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Royal Titles

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(1) Of EnglandHenry IV. was styled His Grace; Henry VI., His Excellent Grace; Edward IV., High and Mighty Prince; Henry VII., His Grace and His Majesty; Henry VIII., His Highness, then His Majesty. Subsequently kings were styled His Sacred Majesty. Our present style is Her Most Gracious Majesty.

(2) Royal titles, their meaning: Abimelech (Father King). Autocrat (self-potentate, i.e. absolute). Cæsar (in compliment to Julius Cæsar). Calif (successor). Cham (chieftain). Czar (autocrat, a contraction of Samodersheta). Darius (holder of the empire). Duke (leader). Emperor (commander). Hospodar (Slavonic, master of the house). Kaiser (Cæsar). Khan (provincial chief). Khedive (suzerain). King (father). Landgrave (land reeve). Maharajah (great sovereign). Margrave (border reeve). Nejus (lord protector). Nizam (ruler). Pharaoh (light of the world). Queen (mother). Rajah (prince or sovereign). Shah or Padishah (protector, sceptred protector). Sheik (elder). Sultan (ruler).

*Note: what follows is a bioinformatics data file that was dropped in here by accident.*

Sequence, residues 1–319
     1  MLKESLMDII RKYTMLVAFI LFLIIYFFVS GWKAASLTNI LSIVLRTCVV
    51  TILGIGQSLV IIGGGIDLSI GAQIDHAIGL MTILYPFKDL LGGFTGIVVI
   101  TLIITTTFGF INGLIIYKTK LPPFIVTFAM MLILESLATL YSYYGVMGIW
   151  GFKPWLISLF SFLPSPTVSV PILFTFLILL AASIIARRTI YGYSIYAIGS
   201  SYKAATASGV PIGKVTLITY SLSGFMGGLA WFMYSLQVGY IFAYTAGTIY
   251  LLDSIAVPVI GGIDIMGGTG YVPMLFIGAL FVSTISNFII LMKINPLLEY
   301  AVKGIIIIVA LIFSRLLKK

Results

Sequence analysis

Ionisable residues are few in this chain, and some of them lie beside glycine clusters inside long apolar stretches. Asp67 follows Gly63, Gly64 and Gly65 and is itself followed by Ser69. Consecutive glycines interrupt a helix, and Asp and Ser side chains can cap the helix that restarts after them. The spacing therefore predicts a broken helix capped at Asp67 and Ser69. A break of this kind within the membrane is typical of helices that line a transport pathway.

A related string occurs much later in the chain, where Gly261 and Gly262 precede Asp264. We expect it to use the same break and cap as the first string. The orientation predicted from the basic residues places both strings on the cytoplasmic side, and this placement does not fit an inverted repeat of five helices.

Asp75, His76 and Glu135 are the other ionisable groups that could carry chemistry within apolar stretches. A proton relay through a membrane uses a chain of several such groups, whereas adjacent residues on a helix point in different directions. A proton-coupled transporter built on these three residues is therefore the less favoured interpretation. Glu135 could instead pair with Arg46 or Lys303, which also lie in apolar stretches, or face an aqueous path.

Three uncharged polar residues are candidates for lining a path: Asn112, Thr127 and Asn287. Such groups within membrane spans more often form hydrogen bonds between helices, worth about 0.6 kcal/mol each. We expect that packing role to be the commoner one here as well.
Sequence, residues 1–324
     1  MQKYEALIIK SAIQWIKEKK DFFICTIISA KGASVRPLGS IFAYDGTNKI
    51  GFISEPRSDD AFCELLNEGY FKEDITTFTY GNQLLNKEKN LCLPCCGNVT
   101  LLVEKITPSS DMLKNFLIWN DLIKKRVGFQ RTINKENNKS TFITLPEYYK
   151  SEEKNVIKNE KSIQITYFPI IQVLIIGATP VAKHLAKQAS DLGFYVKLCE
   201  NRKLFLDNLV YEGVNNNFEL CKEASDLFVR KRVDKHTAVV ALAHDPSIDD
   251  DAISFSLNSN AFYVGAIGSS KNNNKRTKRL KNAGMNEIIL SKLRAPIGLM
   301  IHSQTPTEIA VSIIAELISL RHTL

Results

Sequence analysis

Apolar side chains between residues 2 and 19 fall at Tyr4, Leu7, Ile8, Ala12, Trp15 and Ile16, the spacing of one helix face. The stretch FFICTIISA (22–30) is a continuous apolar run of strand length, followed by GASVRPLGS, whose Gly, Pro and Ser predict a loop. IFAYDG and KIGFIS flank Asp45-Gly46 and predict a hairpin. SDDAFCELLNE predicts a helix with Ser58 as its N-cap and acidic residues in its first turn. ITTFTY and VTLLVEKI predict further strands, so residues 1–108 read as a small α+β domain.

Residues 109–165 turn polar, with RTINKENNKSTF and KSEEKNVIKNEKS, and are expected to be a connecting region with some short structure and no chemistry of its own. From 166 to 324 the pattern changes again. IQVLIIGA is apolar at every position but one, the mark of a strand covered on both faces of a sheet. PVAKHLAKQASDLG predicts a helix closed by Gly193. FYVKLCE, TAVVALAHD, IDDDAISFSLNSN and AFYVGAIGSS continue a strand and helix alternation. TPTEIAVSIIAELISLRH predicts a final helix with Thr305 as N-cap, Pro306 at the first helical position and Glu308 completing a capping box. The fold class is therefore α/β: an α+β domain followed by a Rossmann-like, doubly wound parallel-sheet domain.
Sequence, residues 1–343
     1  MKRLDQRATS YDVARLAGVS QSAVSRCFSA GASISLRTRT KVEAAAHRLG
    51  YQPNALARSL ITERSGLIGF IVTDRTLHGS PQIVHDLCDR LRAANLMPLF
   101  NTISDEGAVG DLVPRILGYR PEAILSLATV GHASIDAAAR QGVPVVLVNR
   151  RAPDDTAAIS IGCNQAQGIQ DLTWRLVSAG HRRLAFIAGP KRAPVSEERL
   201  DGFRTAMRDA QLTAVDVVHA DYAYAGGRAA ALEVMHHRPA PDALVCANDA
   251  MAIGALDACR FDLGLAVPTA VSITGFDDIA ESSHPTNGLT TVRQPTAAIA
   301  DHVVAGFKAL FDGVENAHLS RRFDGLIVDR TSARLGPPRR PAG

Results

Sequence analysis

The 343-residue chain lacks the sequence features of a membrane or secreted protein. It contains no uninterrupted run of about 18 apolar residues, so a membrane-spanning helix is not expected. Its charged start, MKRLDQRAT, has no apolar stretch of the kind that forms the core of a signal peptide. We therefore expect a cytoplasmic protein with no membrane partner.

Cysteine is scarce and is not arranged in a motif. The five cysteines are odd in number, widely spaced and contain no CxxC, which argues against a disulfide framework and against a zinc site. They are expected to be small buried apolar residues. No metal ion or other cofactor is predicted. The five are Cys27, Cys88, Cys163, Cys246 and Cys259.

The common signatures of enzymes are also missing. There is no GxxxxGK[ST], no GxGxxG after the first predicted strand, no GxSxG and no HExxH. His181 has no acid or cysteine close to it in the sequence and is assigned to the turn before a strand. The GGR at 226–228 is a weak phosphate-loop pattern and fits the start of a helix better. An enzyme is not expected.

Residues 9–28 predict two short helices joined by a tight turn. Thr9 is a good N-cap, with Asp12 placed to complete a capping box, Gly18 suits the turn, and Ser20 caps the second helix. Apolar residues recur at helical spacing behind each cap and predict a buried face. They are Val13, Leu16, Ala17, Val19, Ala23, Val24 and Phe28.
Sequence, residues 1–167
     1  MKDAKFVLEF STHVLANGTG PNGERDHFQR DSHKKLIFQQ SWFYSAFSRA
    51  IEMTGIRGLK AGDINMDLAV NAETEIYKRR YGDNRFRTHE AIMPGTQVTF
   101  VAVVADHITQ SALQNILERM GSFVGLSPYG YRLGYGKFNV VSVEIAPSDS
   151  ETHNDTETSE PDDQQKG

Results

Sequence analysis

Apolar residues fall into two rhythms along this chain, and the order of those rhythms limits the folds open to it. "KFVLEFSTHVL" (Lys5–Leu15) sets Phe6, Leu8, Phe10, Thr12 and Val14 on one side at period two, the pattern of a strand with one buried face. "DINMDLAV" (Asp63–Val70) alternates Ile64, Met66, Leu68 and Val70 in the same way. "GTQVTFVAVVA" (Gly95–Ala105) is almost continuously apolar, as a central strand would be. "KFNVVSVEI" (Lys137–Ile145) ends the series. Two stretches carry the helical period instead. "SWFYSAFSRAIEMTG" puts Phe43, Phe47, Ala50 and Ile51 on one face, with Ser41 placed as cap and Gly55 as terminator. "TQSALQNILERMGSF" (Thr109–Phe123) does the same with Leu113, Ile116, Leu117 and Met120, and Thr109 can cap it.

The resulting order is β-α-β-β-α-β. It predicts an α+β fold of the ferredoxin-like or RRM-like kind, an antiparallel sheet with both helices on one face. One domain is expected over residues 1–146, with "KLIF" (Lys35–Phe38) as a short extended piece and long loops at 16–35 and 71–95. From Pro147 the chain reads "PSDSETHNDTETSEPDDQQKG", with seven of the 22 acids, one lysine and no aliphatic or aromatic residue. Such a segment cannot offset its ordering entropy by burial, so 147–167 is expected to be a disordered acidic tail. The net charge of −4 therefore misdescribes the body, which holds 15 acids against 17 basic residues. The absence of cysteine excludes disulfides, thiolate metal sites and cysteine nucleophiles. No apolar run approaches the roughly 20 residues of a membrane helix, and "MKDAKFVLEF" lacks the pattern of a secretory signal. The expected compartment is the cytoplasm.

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Entry taken from Dictionary of Phrase and Fable, edited by the Rev. E. Cobham Brewer, LL.D. and revised in 1895.

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Rowena
Rowland
Rowley (Thomas)
Rowned in the Ear
Roxburghe Club
Roy (Le) [or la Reine] savisera
Royal Arms
Royal Goats (The)
Royal Merchant
Royal Road to Learning
Royal Titles
Royston (Herts)
Rozinante
Ruach
Rub
Rubber of Whist (A)
Rubens Women
Rubi
Rubicon
Rubonax
Rubric